7 ways to fire up an energy recovery
There is a revolution in American energy production going on, but you wouldn’t know it from the policies and pronouncements of the Obama administration. While innovative technologies are flourishing in places like North Dakota, the government insists on leading us to its favored, but largely impractical and costly, energy solutions.
As former presidential candidate Newt Gingrich points out in this issue, America’s “potential for domestic production of oil and gas are, for the foreseeable future, limitless” thanks to two technologies, hydraulic fracturing and horizontal drilling, which combine to allow developers to extract enormous amounts of oil and gas trapped in shale deep underground. Gingrich calls it a “modern marvel to match the Wright Brothers’ airplane and Thomas Edison’s light bulb.” He predicts that energy will be the foundation of a Mitt Romney recovery, if he is elected.
In the meantime, however, public policies are stuck on fashionable thinking regarding wind and solar sources that, honestly speaking, will never sustain America’s knowledge and information economy, much less its industrial economy, and will never fulfill a goal of U.S. energy self-sufficiency.
In this Special Focus, our invited writers from industry and government and Senior Reporter Audrey Hudson explain exactly what is holding America back, from a policy perspective, to becoming its own best energy supplier, including:
Little is more destructive to both the nation’s energy security and its future than the war on coal, a war that targets the industry that supplies nearly half of all the nation’s power.
Secondly, New York has been studying how to regulate hydraulic fracturing for nearly four years; it’s past time to open the gate. The wind tax credit is supporting an industry—with billions of taxpayer dollars—that deserves an important but only limited place in the energy supply arena. The Ethanol 15 mandate is one that consumers are only now coming to know about, but doubtless will challenge.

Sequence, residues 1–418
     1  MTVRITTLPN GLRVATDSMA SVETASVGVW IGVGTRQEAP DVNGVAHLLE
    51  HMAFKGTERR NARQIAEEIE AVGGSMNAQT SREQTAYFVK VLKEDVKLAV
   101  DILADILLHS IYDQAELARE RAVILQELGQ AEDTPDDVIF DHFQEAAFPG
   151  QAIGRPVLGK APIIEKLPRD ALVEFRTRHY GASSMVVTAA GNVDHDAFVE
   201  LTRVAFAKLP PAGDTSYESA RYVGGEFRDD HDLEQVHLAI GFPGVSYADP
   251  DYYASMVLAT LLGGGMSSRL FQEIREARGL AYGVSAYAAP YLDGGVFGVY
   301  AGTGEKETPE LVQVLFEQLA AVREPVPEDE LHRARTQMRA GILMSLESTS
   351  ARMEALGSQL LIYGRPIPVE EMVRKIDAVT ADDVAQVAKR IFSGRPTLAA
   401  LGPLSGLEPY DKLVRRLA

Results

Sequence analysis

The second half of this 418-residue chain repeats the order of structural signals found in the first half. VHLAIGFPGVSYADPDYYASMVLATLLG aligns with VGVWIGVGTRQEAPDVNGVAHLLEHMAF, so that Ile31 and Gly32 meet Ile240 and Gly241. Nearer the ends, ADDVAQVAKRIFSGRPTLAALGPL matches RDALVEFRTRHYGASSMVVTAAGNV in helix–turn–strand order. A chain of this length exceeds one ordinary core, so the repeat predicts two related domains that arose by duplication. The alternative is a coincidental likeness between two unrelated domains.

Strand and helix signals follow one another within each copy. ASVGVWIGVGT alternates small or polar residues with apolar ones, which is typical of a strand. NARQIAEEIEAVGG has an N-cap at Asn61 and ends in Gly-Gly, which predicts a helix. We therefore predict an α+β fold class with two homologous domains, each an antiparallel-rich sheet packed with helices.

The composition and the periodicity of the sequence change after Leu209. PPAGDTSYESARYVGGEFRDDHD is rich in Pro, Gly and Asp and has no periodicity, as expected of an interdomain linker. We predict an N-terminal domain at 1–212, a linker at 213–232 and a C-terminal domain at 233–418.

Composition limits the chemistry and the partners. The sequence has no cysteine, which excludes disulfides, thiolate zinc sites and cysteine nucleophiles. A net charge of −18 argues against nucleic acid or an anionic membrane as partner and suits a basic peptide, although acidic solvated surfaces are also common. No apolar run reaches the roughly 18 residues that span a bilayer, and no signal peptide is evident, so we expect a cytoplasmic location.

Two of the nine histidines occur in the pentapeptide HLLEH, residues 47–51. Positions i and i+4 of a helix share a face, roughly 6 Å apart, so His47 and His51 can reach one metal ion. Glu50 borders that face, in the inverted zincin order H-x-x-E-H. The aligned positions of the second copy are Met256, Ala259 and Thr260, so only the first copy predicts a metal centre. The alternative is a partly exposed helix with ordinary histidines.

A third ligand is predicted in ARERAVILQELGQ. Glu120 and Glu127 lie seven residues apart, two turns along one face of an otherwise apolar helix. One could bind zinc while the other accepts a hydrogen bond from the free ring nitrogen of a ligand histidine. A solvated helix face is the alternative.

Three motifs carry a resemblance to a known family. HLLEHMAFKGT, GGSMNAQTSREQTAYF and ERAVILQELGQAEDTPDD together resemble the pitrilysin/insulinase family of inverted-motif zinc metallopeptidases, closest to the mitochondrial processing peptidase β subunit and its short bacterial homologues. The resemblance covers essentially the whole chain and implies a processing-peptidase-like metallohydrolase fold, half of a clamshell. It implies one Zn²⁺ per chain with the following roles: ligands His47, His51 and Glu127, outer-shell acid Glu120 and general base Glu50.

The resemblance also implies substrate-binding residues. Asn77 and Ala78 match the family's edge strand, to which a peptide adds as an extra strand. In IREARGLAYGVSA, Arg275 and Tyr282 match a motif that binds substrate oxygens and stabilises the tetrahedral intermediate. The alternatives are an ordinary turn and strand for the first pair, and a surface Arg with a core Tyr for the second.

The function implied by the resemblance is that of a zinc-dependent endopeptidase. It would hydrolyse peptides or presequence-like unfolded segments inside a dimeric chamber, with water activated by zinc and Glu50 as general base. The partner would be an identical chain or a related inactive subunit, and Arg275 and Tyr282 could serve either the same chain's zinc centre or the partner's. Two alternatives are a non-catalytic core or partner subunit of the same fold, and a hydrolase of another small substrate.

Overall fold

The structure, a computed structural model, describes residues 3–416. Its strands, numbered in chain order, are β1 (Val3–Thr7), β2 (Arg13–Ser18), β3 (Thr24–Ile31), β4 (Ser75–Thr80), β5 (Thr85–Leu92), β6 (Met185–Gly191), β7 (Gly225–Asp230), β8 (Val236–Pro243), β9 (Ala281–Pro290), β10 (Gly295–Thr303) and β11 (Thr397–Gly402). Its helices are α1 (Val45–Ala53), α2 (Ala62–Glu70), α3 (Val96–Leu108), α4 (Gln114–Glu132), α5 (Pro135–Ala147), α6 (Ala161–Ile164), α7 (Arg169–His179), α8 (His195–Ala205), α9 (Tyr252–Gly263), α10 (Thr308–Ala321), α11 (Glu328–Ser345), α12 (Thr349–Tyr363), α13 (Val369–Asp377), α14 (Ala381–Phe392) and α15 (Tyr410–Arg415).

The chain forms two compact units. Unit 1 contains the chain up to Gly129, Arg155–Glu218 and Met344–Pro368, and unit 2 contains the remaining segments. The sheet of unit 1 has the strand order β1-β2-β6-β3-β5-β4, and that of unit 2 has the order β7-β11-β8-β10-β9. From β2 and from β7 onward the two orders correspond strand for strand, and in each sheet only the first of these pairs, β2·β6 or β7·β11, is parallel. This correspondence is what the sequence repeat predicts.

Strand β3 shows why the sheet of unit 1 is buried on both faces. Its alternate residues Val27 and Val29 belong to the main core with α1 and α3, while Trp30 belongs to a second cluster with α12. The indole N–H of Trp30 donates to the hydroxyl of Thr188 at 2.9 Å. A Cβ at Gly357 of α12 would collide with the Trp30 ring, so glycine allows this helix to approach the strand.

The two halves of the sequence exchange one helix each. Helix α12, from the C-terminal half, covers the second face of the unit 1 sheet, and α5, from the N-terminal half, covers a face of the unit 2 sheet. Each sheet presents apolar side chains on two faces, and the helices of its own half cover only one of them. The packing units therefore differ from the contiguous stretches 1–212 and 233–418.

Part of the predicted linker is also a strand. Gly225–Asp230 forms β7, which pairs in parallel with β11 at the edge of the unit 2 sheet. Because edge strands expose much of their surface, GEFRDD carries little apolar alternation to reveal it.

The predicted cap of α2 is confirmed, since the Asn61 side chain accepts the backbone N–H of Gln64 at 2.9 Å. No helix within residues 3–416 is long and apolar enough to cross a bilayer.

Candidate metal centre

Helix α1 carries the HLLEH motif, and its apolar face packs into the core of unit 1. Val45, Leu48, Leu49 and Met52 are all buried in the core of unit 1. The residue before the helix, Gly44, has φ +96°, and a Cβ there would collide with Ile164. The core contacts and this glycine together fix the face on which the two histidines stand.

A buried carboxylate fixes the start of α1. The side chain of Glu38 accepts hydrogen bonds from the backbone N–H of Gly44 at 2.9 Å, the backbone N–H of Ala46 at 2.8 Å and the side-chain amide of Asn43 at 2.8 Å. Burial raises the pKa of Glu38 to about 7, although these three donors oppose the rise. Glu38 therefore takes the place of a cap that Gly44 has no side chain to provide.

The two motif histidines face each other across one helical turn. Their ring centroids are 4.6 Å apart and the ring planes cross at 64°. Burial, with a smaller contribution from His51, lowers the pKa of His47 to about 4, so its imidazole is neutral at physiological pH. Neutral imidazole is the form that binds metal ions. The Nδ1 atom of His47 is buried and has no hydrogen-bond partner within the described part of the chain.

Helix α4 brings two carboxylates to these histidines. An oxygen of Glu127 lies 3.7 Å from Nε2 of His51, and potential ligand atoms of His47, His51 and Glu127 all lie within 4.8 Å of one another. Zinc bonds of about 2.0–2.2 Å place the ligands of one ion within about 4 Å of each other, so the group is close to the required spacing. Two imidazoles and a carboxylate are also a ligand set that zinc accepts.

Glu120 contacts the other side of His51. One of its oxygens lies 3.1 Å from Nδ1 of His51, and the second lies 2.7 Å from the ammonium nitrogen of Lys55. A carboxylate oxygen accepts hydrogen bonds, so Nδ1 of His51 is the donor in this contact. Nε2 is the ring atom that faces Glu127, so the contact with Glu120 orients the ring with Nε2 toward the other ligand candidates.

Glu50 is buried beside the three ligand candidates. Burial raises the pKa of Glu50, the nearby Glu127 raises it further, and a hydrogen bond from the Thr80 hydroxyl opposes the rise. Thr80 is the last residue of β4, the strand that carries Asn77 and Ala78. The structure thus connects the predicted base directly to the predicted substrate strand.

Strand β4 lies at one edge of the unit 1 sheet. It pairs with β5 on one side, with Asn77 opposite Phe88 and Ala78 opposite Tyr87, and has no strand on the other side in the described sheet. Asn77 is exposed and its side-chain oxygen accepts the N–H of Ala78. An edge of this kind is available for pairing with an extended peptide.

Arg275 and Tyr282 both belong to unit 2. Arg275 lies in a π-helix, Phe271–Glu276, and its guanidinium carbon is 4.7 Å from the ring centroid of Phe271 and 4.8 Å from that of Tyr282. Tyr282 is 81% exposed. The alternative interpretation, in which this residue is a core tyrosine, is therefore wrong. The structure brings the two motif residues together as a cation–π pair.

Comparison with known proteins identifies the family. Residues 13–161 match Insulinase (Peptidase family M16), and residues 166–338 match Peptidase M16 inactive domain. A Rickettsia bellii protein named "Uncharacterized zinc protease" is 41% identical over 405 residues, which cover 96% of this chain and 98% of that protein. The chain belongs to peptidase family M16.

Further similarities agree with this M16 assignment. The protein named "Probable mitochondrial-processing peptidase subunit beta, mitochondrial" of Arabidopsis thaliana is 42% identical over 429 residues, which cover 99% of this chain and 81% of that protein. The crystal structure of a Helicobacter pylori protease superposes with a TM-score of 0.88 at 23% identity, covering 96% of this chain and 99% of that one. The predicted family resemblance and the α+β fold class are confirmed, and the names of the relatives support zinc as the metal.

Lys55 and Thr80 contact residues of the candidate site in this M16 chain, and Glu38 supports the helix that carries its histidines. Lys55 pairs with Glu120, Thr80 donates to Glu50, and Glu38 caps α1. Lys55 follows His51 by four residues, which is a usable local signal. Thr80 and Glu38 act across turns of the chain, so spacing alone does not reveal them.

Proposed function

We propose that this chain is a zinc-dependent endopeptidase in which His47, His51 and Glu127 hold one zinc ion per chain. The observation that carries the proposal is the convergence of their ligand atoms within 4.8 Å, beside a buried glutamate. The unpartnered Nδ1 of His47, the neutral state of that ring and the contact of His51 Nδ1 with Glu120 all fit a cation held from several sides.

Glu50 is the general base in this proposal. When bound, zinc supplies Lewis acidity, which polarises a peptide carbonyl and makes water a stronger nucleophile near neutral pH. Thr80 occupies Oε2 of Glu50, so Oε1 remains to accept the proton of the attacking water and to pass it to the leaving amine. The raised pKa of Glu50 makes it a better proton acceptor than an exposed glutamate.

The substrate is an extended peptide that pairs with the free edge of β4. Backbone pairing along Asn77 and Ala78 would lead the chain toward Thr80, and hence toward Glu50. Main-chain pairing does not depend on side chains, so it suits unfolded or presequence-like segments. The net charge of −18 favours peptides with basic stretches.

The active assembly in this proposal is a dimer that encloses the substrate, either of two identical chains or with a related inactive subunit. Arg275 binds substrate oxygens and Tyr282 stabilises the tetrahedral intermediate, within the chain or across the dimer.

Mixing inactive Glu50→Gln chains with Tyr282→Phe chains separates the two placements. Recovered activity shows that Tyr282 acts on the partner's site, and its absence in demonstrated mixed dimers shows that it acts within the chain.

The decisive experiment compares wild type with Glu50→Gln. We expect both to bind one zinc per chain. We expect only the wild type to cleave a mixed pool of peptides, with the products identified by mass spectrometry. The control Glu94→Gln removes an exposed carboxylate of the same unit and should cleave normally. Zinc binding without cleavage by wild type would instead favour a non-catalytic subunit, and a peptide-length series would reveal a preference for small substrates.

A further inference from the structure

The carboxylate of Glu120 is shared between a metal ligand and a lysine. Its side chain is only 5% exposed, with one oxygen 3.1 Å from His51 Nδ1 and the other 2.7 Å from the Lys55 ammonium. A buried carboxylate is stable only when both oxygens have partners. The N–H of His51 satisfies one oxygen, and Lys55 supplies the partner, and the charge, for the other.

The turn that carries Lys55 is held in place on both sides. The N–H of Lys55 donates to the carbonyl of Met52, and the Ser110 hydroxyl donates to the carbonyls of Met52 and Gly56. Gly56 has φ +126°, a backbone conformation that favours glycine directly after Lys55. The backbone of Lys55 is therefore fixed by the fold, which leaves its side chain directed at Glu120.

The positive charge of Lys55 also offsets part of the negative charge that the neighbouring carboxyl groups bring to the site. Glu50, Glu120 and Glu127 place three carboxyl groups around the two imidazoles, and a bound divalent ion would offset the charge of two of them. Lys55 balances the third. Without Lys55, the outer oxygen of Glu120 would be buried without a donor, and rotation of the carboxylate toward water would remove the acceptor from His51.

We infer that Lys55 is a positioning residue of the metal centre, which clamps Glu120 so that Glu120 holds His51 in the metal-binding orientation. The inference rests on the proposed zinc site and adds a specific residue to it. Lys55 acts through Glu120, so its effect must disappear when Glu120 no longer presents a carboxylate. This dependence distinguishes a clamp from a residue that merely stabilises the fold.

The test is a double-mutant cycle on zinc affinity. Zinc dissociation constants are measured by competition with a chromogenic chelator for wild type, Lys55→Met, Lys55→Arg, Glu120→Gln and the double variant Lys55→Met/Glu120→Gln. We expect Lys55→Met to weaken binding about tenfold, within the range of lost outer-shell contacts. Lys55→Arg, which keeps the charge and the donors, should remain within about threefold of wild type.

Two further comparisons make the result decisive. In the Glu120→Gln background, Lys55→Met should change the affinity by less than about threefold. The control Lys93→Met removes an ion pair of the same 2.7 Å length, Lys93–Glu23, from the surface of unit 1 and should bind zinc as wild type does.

And, in an odd way, energy development on private land is helping re-elect President Obama—it is in no way attributable to him, but he benefits from the halo effect of the results.
The war on coal
by Audrey Hudson
The Obama administration’s coal policies threaten to cripple the industry and jeopardize U.S. economic security as those policies target half of the nation’s source of electricity for homes and businesses.
The Romney recovery will begin with energy
by Newt Gingrich
From Marcellus Shale in Pennsylvania, New York and Ohio to North Dakota’s energy boom, the Romney plan will focus on simple, American-based energy solutions.
All they are saying is give fracking a chance
by Steve Everley
Gov. Cuomo and Democrats in Albany, N.Y. are dragging their feet on new rules for hydraulic fracturing, creating over 1,500 pages in environmental studies that represent the most stringent regulatory program.
Why the wind energy tax credit must go
by Rep. Doug Lamborn
Compared with federal subsidies for other forms of energy, wind is a costly investment. For every megawatt hour of wind energy generated, the taxpayer pays $56, compared to 64 cents for coal-fired and natural gas-fired generation.
In Fukushima’s aftermath, nuclear industry stepped up safety measures
by Anthony Pietrangelo
Nuclear is a low-carbon alternative in America’s energy portfolio while wind and solar technology are dwarfed by nuclear’s around-the-clock, high-output performance.
A new American energy plan must begin and end in Alaska
by Rep. Don Young
Time and time again, Obama has sided with environmentalists, helping them stifle the economic engine in Alaska, while claiming otherwise in the press and on the stump.
With E15, the ethanol industry wins, but American consumers lose
by Charles T. Drevna
Ethanol 15 was rushed onto the market by the Environmental Protection Agency without conducting proper testing. By doing so, the EPA has created safety, operability and liability concerns.